I am interested in getting the classifier permormance for each trial. The idea is to get the accuracy for each one, then, rank-order all of them to know in which ones the accuracies are higher. Is this possible? If so, are there some way to also get the average probability that the classifier assigned to the target category (label) of each trial.

I already know how to get the different outputs for all the trials that I establish in the design as testing set, but not in an specific way (trial by trial)

Since a trial is either correct or incorrect, ranking the accuracies will give you only 1 and 0, so the information may be less useful for you. I think you might be looking for the decision values, they provide a distance from the separating hyperplane. Values > 0 are one class, and value < 0 the other. Note that this is a different function for each different classifier, i.e. if classifiers are based on vastly different data, then the absolute values are not comparable. If you want a probability, you can add -b to the training and testing parameters, this will convert the decision values to probabilities.

In TDT, you want to use cfg.results.output = 'decision_values';
(see help decoding_transform_results for all available options)

I think average probabilities are perhaps not ideal, but you could multiply them and take the log to get a useful numeric range. But you can get the mean signed decision value (i.e. for a given label the mean distance to the hyperplane). This is quite a useful measure and sounds like what you are looking for. This is cfg.results.output = 'signed_decision_values';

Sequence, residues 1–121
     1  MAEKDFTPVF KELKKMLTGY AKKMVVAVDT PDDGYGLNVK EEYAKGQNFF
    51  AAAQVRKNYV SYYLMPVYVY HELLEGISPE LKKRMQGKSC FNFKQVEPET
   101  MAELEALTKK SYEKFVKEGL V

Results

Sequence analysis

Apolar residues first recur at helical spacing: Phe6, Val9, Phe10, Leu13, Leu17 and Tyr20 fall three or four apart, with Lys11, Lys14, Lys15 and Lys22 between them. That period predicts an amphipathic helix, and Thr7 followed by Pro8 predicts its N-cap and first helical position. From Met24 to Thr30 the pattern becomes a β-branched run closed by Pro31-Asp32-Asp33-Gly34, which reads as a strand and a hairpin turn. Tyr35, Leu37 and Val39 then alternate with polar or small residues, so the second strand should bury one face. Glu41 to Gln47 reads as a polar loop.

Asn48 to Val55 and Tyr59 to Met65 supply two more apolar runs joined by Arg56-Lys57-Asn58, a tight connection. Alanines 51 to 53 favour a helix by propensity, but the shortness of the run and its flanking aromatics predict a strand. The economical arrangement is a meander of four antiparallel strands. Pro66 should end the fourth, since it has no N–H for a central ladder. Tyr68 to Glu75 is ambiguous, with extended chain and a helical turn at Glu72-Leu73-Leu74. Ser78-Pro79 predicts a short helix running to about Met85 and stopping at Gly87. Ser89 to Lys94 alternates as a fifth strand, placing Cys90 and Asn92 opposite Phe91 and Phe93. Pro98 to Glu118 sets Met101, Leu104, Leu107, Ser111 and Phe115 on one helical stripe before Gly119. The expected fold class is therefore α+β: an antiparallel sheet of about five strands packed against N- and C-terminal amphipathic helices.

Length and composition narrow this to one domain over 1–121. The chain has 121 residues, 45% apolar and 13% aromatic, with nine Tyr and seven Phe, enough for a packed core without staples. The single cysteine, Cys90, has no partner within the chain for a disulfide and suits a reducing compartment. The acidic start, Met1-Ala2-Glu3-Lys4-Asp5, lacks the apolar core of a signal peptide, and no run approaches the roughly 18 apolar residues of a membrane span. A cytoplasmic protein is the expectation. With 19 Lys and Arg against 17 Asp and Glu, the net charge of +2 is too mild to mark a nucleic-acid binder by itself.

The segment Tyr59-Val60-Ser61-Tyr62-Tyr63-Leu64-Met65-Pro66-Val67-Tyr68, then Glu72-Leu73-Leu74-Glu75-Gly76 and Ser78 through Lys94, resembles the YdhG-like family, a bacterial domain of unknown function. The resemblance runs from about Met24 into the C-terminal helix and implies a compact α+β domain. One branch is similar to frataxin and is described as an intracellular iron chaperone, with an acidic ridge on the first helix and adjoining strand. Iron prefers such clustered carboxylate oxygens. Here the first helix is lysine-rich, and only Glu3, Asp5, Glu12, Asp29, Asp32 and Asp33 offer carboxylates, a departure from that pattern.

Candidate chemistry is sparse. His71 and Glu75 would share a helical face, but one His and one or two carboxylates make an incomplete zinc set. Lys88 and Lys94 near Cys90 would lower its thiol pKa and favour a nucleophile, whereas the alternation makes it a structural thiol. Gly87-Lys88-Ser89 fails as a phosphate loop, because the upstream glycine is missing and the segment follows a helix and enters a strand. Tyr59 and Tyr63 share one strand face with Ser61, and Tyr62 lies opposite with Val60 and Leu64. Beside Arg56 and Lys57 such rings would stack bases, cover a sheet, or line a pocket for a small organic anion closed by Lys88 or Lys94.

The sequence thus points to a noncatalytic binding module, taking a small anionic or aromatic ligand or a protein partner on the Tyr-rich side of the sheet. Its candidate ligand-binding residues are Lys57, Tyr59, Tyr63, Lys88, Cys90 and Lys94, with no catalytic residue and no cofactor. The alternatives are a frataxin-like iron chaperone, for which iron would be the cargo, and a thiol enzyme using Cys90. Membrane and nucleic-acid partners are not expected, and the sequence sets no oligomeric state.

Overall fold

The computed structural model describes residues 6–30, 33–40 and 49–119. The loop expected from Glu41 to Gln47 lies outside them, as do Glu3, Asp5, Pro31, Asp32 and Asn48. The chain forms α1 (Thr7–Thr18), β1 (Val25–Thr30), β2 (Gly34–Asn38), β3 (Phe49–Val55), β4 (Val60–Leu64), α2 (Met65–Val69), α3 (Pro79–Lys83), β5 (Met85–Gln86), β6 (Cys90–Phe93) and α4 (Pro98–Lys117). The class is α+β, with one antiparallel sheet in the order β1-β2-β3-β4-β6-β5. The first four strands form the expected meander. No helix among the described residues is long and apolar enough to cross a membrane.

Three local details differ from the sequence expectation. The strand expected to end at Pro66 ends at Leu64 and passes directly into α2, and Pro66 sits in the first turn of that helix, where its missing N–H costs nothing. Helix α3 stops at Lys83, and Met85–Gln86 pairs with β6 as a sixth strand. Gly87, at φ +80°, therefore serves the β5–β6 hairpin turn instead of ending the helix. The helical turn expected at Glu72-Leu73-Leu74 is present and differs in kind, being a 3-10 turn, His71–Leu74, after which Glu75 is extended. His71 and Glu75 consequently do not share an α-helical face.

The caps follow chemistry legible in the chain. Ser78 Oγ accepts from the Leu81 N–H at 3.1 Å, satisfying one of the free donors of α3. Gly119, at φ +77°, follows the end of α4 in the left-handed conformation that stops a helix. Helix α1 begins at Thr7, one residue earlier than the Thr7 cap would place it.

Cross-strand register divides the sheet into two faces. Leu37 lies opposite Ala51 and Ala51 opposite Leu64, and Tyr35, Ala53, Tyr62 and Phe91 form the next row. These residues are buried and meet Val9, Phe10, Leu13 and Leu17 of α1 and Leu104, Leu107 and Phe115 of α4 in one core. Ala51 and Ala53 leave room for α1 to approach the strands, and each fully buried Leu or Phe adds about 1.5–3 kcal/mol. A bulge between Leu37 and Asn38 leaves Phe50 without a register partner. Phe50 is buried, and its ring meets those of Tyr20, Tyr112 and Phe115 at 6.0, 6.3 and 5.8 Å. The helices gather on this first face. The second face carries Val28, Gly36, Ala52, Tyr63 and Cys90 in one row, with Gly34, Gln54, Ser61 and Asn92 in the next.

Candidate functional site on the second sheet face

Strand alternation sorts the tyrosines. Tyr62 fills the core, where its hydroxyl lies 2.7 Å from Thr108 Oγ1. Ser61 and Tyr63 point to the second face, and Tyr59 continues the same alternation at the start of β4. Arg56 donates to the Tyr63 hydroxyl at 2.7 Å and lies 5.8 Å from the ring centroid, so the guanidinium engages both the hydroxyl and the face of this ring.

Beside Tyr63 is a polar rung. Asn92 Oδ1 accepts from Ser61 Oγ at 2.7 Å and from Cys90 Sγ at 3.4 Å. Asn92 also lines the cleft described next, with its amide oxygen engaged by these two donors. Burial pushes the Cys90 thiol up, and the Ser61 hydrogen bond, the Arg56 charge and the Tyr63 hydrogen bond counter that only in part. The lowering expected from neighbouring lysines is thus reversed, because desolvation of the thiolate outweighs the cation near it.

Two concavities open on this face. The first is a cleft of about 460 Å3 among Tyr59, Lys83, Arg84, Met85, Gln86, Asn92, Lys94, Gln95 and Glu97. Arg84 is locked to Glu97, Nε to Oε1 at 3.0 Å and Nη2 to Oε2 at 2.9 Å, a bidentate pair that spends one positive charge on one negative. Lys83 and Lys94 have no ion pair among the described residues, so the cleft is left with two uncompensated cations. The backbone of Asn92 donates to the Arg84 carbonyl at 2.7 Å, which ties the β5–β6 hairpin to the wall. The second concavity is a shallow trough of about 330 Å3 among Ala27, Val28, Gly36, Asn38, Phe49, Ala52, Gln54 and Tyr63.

If you want to do more advanced things that are not implemented, check HOWTOEXTEND.txt. You can easily generate your own transres_ function that can take the decision values or predicted labels or true labels and does all sorts of manipulations.

@Martin Hi Martin, I’m confused that if the decision value of TDT results output and distance to the hyperplane mentioned in some articles (such as: Qiao et al., (2017). Dynamic trial-by-trial recoding of task-set representations in the frontoparietal cortex mediates behavioral flexibility. The Journal of Neuroence, 37(45).) are the same concept?

The decision value goes from -inf to inf. Think of the datapoints being projected onto the weight vector that lies orthogonal to the separating hyperplane. This way, points will just lie on one axis that goes from -inf through the separating hyperplane at 0 to plus inf. Points that are closer to (i.e. with smaller distances from) the separating hyperplane will reflect less clear cut decision values and will be smaller in absolute numbers. The distance to the hyperplane goes from inf through 0 to inf since distances must always be positive. In other words, distance = |dv|

While decision values reflect a larger distance from the separating hyperplane, larger distances need not reflect more evidence in favor of one (even when the classifier tells you so). Of course, it depends on the nature of the measured distributions.